Here’s some good info everyone should have at their disposal, whether it be for camping or emergency situations. In fact, it’s so stinking easy, you’ll wonder why you never picked it up before. That strange, cheap little hunk of magnesium and flint steel will save your bacon and pay for itself several times over in just one dire situation.
What’s magnesium, anyway? Magnesium is the seventh most common element in the earth’s crust. During WWII it was used to make fire bombs employed in European missions. It was also a main ingredient for flash powder in early photography. Today, magnesium is still used in fireworks and pyrotechnics. And, of course, fire starters.
Here’s how to use your magnesium fire starter to make a fire:
- Find an area where you can have a fire, hopefully a spot protected from any present elements like high wind and rain. Clear the area of dry grass, twigs, etc.
- Gather up the tinder. If you’re a “Be Prepared” type of person, the best tinder would be a ziplock full of petroleum jelly-saturated cotton balls. But, if you just happend to have left those at home, dry moss, pine cones, dry pine needles, tiny twigs, dry grass and thin shreds of wood all make great tinder. Leaves can work too if they’re really dry. Even newspaper, or a paper napkin. Make sure the fuel is as dry and dead as possible. If the leaf litter is wet from rain or dew, carefully lift the top layers to see if the lower layers are still dry — or check under thick foliage, which may have protected tinder from rain. You may also be able to find dry moss, pine needles or tiny twigs in these protected areas. Hollow logs are good, too. Or, if you’re not having much luck doing that, put the least damp tinder in your pocket for a while and let the heat dry it out. If you see any larger sticks or wood that looks useable, grab that aw well so it’ll be ready when needed.
- Build your structure. The three go-to designs for a campfire are Teepee, Log Cabin and Lean-to (or variations of any of the three). For the sake this tutorial, we’ll be using the teepee build. Construct a teepee of twigs and small branches (like the picture below on the left), evenly distributing so it can bear additional wood after the fire takes.
- Prepare the tinder. Once your structure is built, make a bundle out of your tinder that will catch the sparks from the fire starter. Place it as close to the structure as possible without going all the way in– in the “doorway” is best. On top of the tinder bundle, place a dry leaf or an old receipt to contain the magnesium shavings. In the best of worlds, you’d have some duct tape handy to keep the shavings from blowing away, but the structure and “container” (leaf or receipt) should do the trick.
- Keep a bucket or other container of water nearby in case, for any reason, you need to put the fire out.
- Hold the magnesium block down, pointed at the tinder bundle. Then with the other hand, hold the serrated metal blade that came with your HF Magnesium Fire Starter at a slight (45º) angle against the block and shave tiny flakes downward onto the bundle. If the fire starter you have didn’t come with a blade, use the backside of a knife. Smaller shavings and pieces work best. Keep going at it until you have a pile of magnesium shavings on your tinder bundle about the size of a quarter.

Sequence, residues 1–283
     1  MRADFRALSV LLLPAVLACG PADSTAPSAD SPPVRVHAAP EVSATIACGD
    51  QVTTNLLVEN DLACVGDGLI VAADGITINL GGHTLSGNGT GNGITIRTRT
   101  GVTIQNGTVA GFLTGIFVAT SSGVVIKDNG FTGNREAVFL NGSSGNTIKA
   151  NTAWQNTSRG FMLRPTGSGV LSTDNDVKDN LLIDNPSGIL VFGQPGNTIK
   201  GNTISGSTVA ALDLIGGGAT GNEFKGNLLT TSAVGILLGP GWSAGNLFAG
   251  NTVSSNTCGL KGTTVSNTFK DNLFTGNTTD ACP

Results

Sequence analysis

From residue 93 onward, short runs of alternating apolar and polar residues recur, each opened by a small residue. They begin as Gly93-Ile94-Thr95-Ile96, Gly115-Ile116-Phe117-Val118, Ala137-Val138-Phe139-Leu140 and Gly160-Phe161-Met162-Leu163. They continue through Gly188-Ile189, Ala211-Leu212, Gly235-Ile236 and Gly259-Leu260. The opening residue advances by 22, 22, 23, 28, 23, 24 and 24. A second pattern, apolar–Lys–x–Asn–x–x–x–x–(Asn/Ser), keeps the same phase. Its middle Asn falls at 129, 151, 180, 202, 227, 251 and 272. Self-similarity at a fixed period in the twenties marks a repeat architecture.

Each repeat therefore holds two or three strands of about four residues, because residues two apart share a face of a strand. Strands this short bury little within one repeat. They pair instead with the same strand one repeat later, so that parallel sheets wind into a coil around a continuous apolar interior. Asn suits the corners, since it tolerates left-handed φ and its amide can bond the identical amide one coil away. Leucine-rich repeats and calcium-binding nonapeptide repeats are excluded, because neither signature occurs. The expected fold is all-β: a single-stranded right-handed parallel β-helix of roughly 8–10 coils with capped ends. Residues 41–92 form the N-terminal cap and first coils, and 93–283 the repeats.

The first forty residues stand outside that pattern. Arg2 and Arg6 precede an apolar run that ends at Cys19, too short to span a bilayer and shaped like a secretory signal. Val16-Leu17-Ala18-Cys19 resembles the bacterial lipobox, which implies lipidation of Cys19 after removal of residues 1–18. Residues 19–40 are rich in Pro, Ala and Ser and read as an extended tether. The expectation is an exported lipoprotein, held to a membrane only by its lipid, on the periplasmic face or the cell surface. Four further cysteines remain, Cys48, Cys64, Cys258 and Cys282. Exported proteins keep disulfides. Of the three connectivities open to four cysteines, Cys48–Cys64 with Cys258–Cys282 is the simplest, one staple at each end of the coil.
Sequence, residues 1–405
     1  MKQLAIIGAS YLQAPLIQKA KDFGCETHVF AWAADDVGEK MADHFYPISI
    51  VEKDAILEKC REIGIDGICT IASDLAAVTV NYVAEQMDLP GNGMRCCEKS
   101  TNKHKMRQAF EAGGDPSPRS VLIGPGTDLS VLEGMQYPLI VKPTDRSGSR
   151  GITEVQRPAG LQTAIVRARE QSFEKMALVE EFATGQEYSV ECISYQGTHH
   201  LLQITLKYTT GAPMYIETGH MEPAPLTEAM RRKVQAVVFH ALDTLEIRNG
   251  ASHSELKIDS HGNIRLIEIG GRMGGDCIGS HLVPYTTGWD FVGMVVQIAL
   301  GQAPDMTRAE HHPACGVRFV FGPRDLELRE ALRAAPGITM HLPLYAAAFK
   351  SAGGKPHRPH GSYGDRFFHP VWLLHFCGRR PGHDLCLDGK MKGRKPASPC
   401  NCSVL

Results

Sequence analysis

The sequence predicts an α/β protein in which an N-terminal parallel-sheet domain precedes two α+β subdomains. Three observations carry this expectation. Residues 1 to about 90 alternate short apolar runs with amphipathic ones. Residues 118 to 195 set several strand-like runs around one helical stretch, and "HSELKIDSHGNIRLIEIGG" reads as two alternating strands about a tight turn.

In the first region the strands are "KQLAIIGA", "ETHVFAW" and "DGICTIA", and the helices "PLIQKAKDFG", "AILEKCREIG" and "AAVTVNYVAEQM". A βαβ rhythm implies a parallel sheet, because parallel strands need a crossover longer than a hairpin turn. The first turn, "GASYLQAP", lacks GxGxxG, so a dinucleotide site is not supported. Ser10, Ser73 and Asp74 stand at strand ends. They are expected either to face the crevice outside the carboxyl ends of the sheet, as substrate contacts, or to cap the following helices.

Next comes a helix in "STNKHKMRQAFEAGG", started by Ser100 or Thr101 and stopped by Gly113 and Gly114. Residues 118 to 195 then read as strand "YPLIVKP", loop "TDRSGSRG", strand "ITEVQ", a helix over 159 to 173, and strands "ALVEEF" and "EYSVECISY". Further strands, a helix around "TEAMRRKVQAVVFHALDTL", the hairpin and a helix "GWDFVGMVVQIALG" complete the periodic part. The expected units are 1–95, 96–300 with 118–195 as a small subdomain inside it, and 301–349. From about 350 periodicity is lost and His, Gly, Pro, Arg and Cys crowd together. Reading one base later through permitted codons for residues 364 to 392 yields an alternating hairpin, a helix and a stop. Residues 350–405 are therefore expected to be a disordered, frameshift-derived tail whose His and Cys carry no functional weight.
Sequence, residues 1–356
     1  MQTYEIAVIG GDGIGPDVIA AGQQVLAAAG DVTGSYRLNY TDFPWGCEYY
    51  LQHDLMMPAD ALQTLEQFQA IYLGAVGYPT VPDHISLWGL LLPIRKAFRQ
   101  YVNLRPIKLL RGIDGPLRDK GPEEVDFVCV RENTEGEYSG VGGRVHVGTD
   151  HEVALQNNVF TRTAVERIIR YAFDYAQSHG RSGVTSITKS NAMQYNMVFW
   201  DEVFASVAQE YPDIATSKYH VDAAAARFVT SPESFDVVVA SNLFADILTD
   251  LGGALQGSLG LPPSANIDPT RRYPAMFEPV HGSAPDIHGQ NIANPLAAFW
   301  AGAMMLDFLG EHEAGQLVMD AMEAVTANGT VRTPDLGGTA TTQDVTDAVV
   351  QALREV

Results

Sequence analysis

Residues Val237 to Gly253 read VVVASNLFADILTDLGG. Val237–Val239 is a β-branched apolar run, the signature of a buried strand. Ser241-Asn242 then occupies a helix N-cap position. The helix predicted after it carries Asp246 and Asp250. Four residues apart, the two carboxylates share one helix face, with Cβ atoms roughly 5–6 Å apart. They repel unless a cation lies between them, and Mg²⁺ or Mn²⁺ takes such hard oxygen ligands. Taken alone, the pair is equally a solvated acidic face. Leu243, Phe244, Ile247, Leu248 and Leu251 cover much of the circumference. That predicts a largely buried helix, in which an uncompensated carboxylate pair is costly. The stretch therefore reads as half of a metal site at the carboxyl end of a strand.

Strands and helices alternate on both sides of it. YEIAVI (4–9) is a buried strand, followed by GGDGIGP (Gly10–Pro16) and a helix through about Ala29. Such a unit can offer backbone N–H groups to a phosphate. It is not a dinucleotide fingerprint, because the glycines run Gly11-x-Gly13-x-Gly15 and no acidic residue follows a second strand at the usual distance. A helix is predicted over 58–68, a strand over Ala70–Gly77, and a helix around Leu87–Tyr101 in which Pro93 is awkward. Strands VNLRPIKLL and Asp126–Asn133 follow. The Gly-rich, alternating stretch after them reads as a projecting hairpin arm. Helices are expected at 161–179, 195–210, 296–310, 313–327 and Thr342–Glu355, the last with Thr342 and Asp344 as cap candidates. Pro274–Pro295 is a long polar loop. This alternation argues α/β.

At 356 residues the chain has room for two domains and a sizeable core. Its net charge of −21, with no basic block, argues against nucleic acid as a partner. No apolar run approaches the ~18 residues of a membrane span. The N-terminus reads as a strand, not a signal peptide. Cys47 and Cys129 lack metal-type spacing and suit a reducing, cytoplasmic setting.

- Using your serrated blade or backside of a knife, strike a spark to ignite the magnesium on the tinder bundle. But instead of sliding the blade down the flint toward the tinder, hold the blade stationary, down with the tinder bundle, and slide the flint up toward you. This keeps the spark close to the tinder. Keep scraping until a spark lands on the magnesium shaving and ignites it.
- When a spark catches the magnesium, the shavings will burn bright, hot and fast. The generated heat will then spread to the tinder, catching it on fire as well. This is a crucial moment. You may have to urge the young flame on by very gently blowing on it and giving it additional oxygen. You may also need to adjust it a little here and there it to allow the young fire to spread.
- As the tinder fire grows, you’ll need to carefully slide it– in tact– into the campfire structure. You might want to use a couple of sticks to push the bundle under if it’s too hot to handle. Then, as you prepare for the next phase, maybe feed it some more leaves and grass to keep it stoked.
- Another crucial moment. Fire needs a proper blend of oxygen, fuel and heat. As your structure starts catching on fire, blow on it and feed it by gradually adding slightly larger and larger twigs and sticks. Don’t get carried away, give it time. If you drop a log on it too soon, you’ll be back to square one, rummaging for dead grass. Don’t be that guy.
- And while you want to be patient, you also want to keep feeding. Find larger sticks and logs to keep the fire growing and happy for the endurance you need to stay warm, dry and protected.
Practice Using The Magnesium Fire Starter
I’ve already said it before, but I’ll say it again: be prepared. It’s not enough to have your magnesium fire starter, you should be ready in an instant to know how to use it. Whether you’re stranded in the cold and wt woods or the arid, desert wilderness, knowing how to make a fire in a SHTF situation will give you life, comfort and security. So practice at home– when the need isn’t there– until you’ve got it down cold (or hot).
And, one last thing. You might want to rethink taking that baggie of petroleum jelly cotton balls.